Her central character is Heloise Lewis, who, it quickly becomes apparent, is a high class madam in the Heidi Fleiss mode. Making the novel a look at the politics of prostitution from the opening scene, Heloise overhears a conversation in line at the Starbucks about the recent suicide of a “suburban madam”. As she challenges the easy assumptions of the couple behind her in line, she’s really challenging her own assumptions. The articulation of her thoughts to a strange couple merely starts her own thought process.
This was a book club selection, and it’s one of the few I can remember where I had advance e-mails from delighted club members saying how much they loved this book. One woman even came in and bought another copy to give to a friend. When I finally got to reading this book – a multiple award nominee this year in the U.S., and last year in the U.K. – I found out how intelligent my book club members really are. I loved it too, and like them, I couldn’t put it down. I was making a drive home and had to pull into a rest stop to finish reading it. The last book that required such a drastic measure was Michael Connelly’s The Poet.
I think it’s safe to say this is the book of the year, and there isn’t always a “book of the year”, a book everyone’s talking about and reading. But the premise and the voice in this book are so original and so captivating that the story will probably stay with you for a long, long time, and you’ll probably want to talk about it.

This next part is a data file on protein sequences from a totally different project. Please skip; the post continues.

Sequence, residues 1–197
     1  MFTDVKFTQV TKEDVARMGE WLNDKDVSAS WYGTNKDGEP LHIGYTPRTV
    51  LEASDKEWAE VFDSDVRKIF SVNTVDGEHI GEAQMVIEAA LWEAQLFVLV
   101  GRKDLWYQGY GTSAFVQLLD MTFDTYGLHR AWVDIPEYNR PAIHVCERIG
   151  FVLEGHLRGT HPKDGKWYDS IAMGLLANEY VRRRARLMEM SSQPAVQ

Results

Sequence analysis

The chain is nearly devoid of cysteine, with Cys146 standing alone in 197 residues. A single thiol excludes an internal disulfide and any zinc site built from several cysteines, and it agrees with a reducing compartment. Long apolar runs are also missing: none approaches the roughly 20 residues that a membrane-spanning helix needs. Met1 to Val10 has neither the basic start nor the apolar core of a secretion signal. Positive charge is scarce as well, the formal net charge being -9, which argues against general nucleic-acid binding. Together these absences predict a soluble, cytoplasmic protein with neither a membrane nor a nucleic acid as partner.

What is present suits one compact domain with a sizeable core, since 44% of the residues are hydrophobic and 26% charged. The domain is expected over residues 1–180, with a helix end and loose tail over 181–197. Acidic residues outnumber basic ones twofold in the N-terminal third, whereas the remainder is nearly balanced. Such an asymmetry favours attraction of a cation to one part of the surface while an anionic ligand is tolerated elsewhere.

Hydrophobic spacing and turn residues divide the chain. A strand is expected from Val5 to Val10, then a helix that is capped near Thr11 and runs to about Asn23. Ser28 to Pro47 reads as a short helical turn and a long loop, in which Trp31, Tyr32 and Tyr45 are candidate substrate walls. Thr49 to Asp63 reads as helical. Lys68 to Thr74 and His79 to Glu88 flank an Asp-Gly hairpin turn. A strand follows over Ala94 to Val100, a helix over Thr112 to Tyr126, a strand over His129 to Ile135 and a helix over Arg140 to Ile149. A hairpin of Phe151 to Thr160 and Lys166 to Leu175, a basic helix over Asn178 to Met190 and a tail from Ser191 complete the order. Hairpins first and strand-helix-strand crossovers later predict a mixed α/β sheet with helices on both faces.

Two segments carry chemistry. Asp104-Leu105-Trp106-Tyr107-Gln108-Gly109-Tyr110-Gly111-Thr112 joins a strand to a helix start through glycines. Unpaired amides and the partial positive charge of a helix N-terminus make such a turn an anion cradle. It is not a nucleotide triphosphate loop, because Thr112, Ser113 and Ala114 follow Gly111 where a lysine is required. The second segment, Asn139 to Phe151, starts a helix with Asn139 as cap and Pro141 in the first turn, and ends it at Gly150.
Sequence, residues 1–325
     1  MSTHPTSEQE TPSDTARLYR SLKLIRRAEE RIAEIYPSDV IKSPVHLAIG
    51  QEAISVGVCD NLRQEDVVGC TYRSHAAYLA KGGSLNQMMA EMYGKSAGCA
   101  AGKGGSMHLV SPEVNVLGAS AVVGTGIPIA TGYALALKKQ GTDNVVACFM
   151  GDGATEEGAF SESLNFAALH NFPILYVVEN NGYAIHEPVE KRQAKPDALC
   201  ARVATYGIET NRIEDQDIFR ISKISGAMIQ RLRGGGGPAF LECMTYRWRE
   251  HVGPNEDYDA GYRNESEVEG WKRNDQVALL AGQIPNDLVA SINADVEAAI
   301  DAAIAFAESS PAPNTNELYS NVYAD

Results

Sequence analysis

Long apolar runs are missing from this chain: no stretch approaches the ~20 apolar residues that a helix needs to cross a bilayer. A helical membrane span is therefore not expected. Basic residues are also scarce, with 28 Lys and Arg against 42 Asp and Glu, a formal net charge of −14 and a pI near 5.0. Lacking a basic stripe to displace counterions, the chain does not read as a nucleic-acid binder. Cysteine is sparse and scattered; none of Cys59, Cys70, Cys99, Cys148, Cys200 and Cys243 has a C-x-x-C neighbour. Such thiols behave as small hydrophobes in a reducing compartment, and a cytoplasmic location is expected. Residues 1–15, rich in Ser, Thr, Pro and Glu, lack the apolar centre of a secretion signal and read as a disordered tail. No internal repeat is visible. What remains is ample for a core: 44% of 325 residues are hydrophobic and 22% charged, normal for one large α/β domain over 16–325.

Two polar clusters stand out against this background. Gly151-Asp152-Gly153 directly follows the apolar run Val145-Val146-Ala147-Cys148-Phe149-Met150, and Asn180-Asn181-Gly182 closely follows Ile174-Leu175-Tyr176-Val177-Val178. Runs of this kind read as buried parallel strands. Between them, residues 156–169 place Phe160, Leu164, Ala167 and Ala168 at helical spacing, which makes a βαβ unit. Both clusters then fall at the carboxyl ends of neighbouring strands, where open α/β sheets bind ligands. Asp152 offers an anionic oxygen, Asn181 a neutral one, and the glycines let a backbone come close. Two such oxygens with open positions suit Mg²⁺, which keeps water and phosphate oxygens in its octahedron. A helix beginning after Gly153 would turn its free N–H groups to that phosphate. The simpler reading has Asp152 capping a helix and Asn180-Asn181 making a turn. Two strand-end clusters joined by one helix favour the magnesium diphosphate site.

The author is definitely channeling psychological masters like Ruth Rendell and Patricia Highsmith. Putting together this lean, vicious, compelling book is a real act of writerly fortitude, because it’s an exhausting and sometimes terrible sprint. And, like a Rendell or Highsmith book, when you get to the twisty middle, you know things are only going to get far, far worse.
Sorrow is always your own, offering no temptation to fickle gods. Fucking joy, on the other hand? You might as well string your heart from the ceiling for use as a frat-party piñata.
I don’t think I’m exaggerating when I say that Cornelia Read’s voice is one of the most original, vivid and memorable in all of contemporary crime fiction. I think I would be happy to read anything she wrote, in novel form or no, but happily she also writes wonderful novels. While her books are technically a series, I think each of them stand well alone, and each have a different slant which sets them apart from one another.